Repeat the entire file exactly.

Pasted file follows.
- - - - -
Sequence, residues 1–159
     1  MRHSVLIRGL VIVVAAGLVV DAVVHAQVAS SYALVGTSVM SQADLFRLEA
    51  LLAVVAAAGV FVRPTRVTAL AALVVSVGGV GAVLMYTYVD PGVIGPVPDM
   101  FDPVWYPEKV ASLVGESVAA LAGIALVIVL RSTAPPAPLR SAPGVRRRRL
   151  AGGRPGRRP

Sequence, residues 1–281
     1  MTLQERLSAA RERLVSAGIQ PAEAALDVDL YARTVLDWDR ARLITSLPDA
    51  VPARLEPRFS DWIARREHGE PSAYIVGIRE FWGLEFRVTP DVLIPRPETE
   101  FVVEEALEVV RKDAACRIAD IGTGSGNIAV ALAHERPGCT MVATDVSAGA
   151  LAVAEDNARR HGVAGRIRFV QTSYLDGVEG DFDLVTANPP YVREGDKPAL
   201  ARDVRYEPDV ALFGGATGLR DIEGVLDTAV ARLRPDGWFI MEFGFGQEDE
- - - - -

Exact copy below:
Sequence, residues 1–159
     1  MRHSVLIRGL VIVVAAGLVV DAVVHAQVAS SYALVGTSVM SQADLFRLEA
    51  LLAVVAAAGV FVRPTRVTAL AALVVSVGGV GAVLMYTYVD PGVIGPVPDM
   101  FDPVWYPEKV ASLVGESVAA LAGIALVIVL RSTAPPAPLR SAPGVRRRRL
   151  AGGRPGRRP

Sequence, residues 1–281
     1  MTLQERLSAA RERLVSAGIQ PAEAALDVDL YARTVLDWDR ARLITSLPDA
    51  VPARLEPRFS DWIARREHGE PSAYIVGIRE FWGLEFRVTP DVLIPRPETE
   101  FVVEEALEVV RKDAACRIAD IGTGSGNIAV ALAHERPGCT MVATDVSAGA
   151  LAVAEDNARR HGVAGRIRFV QTSYLDGVEG DFDLVTANPP YVREGDKPAL
   201  ARDVRYEPDV ALFGGATGLR DIEGVLDTAV ARLRPDGWFI MEFGFGQEDE